Down the road from my house there's a billboard advertising sheltered housing. 'Independent Living For The Over 55s' it says, alongside a photo of a smiling, middle-class 55-year-old woman and an almost identical smiling, middle-class 85-year-old woman. It's not clear which one of them is plotting to put the other one away.
There's a new charity called Age UK, which used to be Age Concern and Help the Aged. They've got a charity shop in my high street, full of patronising books telling me how to keep fit and use the computer. They say they offer 'a wide range of products and services, designed with the over-50s in mind.'
I ought to be grateful, I suppose, that I am no longer considered 'aged' (although the Age UK website - which is full of photos of people who could be my grandparents - does still use the word 'elderly'). But who decided that people over 50 are now categorised as old?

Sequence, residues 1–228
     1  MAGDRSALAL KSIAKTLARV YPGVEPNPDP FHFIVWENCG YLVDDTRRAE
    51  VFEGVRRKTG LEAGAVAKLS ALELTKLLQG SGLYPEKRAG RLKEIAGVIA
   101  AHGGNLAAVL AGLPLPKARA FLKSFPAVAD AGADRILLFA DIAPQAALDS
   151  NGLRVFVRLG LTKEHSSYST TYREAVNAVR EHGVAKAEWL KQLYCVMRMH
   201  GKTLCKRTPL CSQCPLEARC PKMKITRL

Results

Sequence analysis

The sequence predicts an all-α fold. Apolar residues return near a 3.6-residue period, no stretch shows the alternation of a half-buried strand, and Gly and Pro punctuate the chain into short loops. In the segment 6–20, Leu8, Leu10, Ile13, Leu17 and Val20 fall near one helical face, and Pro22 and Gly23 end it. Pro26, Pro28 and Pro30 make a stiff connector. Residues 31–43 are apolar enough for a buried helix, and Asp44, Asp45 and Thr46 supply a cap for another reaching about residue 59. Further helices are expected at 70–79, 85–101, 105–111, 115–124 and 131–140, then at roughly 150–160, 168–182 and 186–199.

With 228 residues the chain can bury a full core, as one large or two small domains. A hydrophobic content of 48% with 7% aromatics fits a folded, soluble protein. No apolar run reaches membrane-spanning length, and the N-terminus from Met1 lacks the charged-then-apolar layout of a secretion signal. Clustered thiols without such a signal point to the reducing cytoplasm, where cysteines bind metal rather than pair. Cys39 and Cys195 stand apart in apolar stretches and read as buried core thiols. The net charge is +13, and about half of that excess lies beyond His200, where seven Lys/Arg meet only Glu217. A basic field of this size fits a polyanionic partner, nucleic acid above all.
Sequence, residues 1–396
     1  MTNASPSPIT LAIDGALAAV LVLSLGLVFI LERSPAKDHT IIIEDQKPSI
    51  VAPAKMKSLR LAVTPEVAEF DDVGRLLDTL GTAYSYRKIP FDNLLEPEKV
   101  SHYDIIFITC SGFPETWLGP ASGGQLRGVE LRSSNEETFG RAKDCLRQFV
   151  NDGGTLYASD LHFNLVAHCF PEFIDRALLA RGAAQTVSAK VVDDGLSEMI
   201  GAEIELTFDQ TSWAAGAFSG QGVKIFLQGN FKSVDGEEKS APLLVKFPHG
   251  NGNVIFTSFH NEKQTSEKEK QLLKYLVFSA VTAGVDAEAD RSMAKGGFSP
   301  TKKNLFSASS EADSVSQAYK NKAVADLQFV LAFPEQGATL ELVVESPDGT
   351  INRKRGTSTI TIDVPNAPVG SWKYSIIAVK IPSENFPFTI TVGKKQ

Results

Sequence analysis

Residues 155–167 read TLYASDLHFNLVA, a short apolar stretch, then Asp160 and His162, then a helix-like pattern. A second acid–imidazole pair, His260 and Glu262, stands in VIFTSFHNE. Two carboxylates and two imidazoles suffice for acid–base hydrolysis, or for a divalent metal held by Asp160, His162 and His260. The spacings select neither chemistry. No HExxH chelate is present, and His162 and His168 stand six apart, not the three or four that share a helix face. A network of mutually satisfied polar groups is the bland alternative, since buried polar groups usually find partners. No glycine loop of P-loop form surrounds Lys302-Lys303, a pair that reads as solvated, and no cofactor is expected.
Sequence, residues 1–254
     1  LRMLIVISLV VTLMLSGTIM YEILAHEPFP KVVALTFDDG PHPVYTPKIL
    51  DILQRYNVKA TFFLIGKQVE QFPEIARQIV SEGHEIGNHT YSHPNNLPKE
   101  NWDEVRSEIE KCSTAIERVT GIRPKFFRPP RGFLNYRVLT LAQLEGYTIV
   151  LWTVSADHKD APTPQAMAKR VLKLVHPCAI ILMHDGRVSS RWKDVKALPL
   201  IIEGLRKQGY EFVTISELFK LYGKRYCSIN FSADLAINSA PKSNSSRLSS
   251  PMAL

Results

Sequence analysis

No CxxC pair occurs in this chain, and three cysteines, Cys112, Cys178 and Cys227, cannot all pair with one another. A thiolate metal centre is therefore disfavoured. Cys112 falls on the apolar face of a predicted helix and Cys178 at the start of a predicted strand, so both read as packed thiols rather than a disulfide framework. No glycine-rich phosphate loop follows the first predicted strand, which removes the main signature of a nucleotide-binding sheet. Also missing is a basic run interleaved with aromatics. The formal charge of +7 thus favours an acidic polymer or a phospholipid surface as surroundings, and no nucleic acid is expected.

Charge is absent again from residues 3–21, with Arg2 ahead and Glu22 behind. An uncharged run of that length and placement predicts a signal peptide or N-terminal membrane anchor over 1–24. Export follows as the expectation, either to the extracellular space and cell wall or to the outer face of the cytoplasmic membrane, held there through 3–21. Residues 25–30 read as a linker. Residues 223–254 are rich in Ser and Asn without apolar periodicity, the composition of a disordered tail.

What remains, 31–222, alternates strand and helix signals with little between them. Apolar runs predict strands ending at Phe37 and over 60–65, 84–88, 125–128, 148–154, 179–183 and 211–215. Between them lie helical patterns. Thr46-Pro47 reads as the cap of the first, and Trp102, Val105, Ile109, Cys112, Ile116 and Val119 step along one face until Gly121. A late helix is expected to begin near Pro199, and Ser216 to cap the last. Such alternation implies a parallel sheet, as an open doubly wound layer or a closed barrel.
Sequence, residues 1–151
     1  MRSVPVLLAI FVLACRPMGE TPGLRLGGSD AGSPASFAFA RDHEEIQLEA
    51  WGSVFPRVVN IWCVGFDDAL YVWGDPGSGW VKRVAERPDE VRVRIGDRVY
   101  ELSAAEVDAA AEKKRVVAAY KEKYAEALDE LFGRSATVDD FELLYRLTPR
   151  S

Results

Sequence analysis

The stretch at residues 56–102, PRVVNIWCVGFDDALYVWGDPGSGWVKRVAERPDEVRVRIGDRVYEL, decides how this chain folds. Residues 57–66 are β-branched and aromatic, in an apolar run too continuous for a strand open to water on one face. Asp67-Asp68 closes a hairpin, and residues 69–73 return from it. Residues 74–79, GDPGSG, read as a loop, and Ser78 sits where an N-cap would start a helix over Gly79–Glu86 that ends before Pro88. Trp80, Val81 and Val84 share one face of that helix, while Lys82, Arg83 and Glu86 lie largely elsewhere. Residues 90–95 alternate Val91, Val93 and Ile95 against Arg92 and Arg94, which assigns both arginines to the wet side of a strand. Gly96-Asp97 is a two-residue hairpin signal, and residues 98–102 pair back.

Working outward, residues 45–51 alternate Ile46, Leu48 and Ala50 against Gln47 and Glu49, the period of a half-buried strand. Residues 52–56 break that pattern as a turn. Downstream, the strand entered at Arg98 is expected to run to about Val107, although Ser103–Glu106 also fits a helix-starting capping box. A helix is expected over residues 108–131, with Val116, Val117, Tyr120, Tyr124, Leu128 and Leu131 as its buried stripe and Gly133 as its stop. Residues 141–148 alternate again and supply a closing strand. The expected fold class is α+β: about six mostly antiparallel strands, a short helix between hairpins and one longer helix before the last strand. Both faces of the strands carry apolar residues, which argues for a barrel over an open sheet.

I'm not 55, by the way. But it's only a few years away. Do I then suddenly become part of a new demographic? The one that goes on until I die? Do I suddenly become frail in mind and body and need people to look after me and tell me how to use the internet?
This makes no sense whatsoever. The government has decided that I can't retire until I'm 66. That's more than ten years from this spurious year zero of 55. And there's every chance that just when I do get to 66 they'll move the goalposts again. Or that I won't be able to afford to retire even if I'm allowed to.
It's not so long ago we were being told (and this is equally patronising in its own way) that '60 is the new 40'. It's starting to look now as if that is suddenly the other way round.